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VoIP - The new Phreaking

Arrow Image Voice over IP is the new method of phreaking and this article covers some of the basics to get you started.

VoIP Basics

The days of Phreaking are long past and dead, pay phones no longer cough up goods anymore, and an entire branch of hacking practically died over night. Or did it?

Phreaking by traditional terms is long dead, the phone systems now employ systems that put tones on a second band which makes almost all boxes useless except for the Beige and Red boxes from what I know.

Where this falls a new era has come, and a new form of hacking along with it. This new advent in phone systems has come to be known as VoIP, or Voice over Internet Protocol.

As VoIP becomes more prominent we find that the line between hackers and phreakers is about to fade completely into the gray. VoIP is a phone system that runs by connecting to your internet access, or rather via an ethernet cord. Think vonage and all those annoying commercials you had to sit through, VoIP in basic form.

This article will tell you some of the basics of VoIP and what to expect.

Now then, let\'s begin.

As mentioned earlier VoIP works through an ethernet cord attached to the internet. As a hacker you should be informed that anything plugged into the internet is a far cry from secure, even including the CIA, FBI, and other top security fortresses (though they are substantially more difficult.)

The beauty of the VoIP system is that it\'s also a server that starts automatically and runs a protocol known as TFTP on port 69. One of the most lethal tools in VoIP hacking is also one that is useful in any field. Google. (Just a side note there\'s a reason everyone always tells you to use it before asking.)

Google is your best friend in finding vulnerable boxes to tap.

Try this line in google -

inurl:\"NetworkConfiguration\" cisco site:

Remove the site tag unless you are after a certain site.

This should provide you with quite a bit of information, the Admin CP of the PBX (Phone Box) and all the data. Look for the TFTP server and run a ping on that IP, if it returns data you\'re in. Save the rest of that Data, you\'ll need it later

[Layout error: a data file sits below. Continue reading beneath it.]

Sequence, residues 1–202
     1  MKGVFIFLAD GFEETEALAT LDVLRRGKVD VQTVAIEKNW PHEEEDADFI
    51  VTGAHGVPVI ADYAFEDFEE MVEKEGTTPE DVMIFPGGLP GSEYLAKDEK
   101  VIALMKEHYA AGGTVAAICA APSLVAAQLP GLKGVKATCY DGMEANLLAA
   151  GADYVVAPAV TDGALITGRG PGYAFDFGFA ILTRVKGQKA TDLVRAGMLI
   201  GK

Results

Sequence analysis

Get into Nmap or your favorite port scanner and plug in the same IP in a UDP scan. If 69 is open then you\'re golden.

You HAVE to be on Unix or at least an emulator like Cygwin for any further. Type in TFTP and the IP address.If a TFTP prompt comes up it worked, now you need a config file to get anywhere. Open up the file with that Data from earlier.

Type in -

get sep(insert MAC adress here).cnf

If you get a list of Data then it all worked out and you hit the gold mine. You have the Phone Extension, Voicemail Password, and Telnet Password to their phone.

From here I\'ll let you find out what to do with this information until I learn enough to write the next article.

Mind you if you do any of this on a PBX that you do not own I assume no responsibility if you get busted for it. Practice safe browsing, use a Proxy!

Until next time.

- Lemur


K_I_N_Gon February 20 2009 - 01:15:31
Interesting enough. Good-job.
ynori7on February 20 2009 - 01:20:47
Seems like this would have been better if you combined it with your next article. Good job though.
korgon February 20 2009 - 10:29:22
Nice article but there are plenty of tftp cmd line programs for windows also, You don't HAVE to have linux.
SaMTHGon February 20 2009 - 11:16:43
Nice article, good read as I'm new to phreaking...Rated: Awesome @korg: Do you mean that there is another way to connect to tftp in windows with the command prompt? If so what is it, because I tried tftp <ip> but it said: 'tftp' is not recognized as an internal or external command, operable program or batch file. Thanks in advanceGrin
mastergameron February 20 2009 - 11:19:08
Searching Google for 'tftp client' was hard, wasn't it?
korgon February 20 2009 - 11:47:08
Oh Boy, tftp is not built into windows my friend.
SaMTHGon February 20 2009 - 12:46:02
@mastergamer: I had already done that, I didn't know I had to download something to get it(Downloading now) I thought it was just another command like ftp, telnet or something...Thanks anyway.:happy:
spywareon February 20 2009 - 15:17:25
Those "commands" are just built-in clients.
ShadyTyranton February 20 2009 - 23:11:44
Good article. I have heard bad things about VOIPs security but never knew any exploits.
ShadyTyranton February 20 2009 - 23:12:17
Good article. I have heard bad things about VOIPs security but never knew any exploits.
Uber0non March 08 2009 - 23:52:03
Looks like the google dork needs to be a bit more specific - apart from that nice and interesting article Smile
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